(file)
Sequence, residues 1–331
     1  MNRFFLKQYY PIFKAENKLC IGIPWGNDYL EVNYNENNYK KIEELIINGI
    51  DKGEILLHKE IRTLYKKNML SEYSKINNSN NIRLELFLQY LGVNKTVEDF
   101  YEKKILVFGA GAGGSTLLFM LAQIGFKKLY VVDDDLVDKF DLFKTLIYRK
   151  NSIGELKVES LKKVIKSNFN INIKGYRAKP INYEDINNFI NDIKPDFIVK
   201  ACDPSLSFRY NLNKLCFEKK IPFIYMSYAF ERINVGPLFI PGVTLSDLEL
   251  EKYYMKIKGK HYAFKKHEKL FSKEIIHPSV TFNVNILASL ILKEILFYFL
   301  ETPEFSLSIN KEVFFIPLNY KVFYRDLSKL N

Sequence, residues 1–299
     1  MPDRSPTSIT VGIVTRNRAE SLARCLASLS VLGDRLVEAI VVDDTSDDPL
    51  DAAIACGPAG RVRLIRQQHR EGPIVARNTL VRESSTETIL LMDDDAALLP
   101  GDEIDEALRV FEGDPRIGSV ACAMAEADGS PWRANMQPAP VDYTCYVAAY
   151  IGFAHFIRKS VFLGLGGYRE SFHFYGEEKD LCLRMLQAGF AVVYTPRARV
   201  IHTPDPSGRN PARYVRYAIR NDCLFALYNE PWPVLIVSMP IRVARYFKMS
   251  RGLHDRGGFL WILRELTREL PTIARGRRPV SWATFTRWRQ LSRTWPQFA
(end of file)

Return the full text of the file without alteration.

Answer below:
Sequence, residues 1–331
     1  MNRFFLKQYY PIFKAENKLC IGIPWGNDYL EVNYNENNYK KIEELIINGI
    51  DKGEILLHKE IRTLYKKNML SEYSKINNSN NIRLELFLQY LGVNKTVEDF
   101  YEKKILVFGA GAGGSTLLFM LAQIGFKKLY VVDDDLVDKF DLFKTLIYRK
   151  NSIGELKVES LKKVIKSNFN INIKGYRAKP INYEDINNFI NDIKPDFIVK
   201  ACDPSLSFRY NLNKLCFEKK IPFIYMSYAF ERINVGPLFI PGVTLSDLEL
   251  EKYYMKIKGK HYAFKKHEKL FSKEIIHPSV TFNVNILASL ILKEILFYFL
   301  ETPEFSLSIN KEVFFIPLNY KVFYRDLSKL N

Sequence, residues 1–299
     1  MPDRSPTSIT VGIVTRNRAE SLARCLASLS VLGDRLVEAI VVDDTSDDPL
    51  DAAIACGPAG RVRLIRQQHR EGPIVARNTL VRESSTETIL LMDDDAALLP
   101  GDEIDEALRV FEGDPRIGSV ACAMAEADGS PWRANMQPAP VDYTCYVAAY
   151  IGFAHFIRKS VFLGLGGYRE SFHFYGEEKD LCLRMLQAGF AVVYTPRARV
   201  IHTPDPSGRN PARYVRYAIR NDCLFALYNE PWPVLIVSMP IRVARYFKMS
   251  RGLHDRGGFL WILRELTREL PTIARGRRPV SWATFTRWRQ LSRTWPQFA